Supply Side Policies are policies aiming to influence aggregate supply( total output of the economy) hence the long run aggregate supply curve shifting to the right. Additionally these policies would encourage growth without a rise in the price level. They are largely microeconomic and fiscal in nature.
Supply side policies can be split into both Labour and Product Market measures
Labour Market Measures:
1) Lower Rates of Income Tax- so there would be greater incentives to work such as people have more disposable income, therefore they would try to maximise this.
Supply Side Economists use the Laffer Curve to show that high income tax rates and high burden due to tax cause disincentives to work.
Structured by supply side economist Arthur Laffer it shows the relationship between tax rates and tax revenues. Tax revenues is 0% at both when tax rate is 0 and 100%. Tax revenue is of course 0 when tax rate is 0%. However why at 100%? This is because att a 100% it means all income is tax therefore there is incentive to work at all so the government would not get any tax revenue at first. Tax Revenue is said to be at its peak at 50% however after that it was simply decrease as it be no incentive for the firm to work.
2) Reducing Welfare Benefits and the benefits to work- If benefits are harder to claim it may give people an incentive to find a job( mostly low paid) rather than claiming these benefits. This woudl include employment programmes such as Welfare to Work.
3) Education and Training- Increasing educational attainment and training have effect on productivity of labour in this nation and therefore help to enlarge the supply capacity. There are many training agencies and City Technology Colleges that would help to develop vocational and technical education.
4) Trade Union Reforms
Product Market Measures
These measures would help to increase competition and efficiency of certain industries as if productivity increases overall this would mean more can be produced with the given amount of resources. Therefore a shift in the long run AS curve.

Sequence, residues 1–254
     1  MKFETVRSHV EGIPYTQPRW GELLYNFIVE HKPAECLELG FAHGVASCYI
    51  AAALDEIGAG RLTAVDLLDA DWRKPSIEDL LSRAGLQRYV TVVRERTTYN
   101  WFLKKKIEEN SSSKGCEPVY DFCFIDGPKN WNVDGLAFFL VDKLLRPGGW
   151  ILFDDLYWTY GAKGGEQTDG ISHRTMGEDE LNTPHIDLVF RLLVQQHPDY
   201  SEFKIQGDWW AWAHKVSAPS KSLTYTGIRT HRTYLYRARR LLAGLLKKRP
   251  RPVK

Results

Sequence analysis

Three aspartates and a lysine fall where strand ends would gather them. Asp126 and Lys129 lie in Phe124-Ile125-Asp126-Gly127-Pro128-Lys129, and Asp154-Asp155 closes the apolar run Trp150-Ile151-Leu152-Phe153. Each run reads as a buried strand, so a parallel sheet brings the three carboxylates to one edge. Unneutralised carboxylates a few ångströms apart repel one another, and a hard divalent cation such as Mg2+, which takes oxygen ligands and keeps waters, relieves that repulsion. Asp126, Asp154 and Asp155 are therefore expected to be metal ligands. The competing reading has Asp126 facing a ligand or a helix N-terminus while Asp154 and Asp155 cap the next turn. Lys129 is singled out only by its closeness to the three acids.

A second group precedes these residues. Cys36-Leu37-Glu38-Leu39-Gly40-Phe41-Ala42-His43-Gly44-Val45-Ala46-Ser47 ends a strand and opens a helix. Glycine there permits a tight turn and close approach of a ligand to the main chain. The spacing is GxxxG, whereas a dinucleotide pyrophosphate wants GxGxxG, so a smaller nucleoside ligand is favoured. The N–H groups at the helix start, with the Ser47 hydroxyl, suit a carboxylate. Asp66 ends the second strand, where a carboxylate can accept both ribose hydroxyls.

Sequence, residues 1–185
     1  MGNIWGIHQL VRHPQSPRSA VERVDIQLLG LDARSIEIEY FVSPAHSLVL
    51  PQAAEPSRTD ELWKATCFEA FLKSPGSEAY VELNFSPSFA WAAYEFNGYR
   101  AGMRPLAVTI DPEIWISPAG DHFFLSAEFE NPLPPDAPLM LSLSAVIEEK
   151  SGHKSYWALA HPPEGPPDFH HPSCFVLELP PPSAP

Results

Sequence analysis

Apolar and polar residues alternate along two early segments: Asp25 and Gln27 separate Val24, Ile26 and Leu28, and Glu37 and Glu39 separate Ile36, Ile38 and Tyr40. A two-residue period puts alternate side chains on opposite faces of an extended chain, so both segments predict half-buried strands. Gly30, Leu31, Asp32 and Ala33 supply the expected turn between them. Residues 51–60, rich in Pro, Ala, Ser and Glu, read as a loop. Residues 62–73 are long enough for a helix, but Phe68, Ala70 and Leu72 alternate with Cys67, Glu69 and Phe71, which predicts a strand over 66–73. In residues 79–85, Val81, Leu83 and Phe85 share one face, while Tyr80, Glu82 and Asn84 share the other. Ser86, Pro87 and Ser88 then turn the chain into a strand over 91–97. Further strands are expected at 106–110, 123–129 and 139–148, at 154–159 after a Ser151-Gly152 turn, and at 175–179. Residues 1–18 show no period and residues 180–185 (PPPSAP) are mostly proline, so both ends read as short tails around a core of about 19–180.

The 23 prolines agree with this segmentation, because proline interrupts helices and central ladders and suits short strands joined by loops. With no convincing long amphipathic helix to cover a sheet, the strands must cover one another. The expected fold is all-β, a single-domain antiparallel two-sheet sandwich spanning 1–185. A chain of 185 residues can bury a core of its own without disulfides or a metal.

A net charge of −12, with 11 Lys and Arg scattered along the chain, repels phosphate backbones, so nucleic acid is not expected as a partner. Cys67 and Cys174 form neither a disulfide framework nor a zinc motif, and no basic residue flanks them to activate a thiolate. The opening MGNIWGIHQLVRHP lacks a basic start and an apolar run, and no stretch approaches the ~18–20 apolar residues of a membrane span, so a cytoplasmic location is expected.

Measures would include :
- Deregulation of markets where there is less barriers of entry encouraging more competition
- Privatisation of some firms
- Tough competition policy
- Measures to encourage entrepreneurship and capital spending such as guarantees for start ups
- less corporation tax for businesses
- tax relief on capital spending
- regional policy assistance in depressed areas.
The benefits of Supply Side Policies
- Sustained Growth
- Decrease in prices
- Improvement in Balance of Payments
- Job Creation
Evaluating Supply Side Policies
- Supply Side Policies would contain long time lags; these problems regarding unemployment have been around a long time has there already been policies to tackle but not taken any effect?
- So could there be a need for both demand and supply side policies. Whereas demand side is used to stimulate growth while supply side is used to sustain growth
- Distribution? Some policies like the reduction of income tax can widen the gap between the richest and the poorest ? The supply side policies may be narrowly aiming at certain firms i.e. small firms and therefore overall might not make much affect while money could have gone to projects that have a bigger effect
- It says it improves gdp without increasing price, supply side might have demand side effects – in future cause inflation? LONG TERM consequences aswell?
- Supply side policies may not be enough to make signifcant progress to macroeconomic objectives so more than one policy may have to be used with a mutually reinforcing effect such as supply side policies to help increase innovation but also policies to help cut down carbon emissions.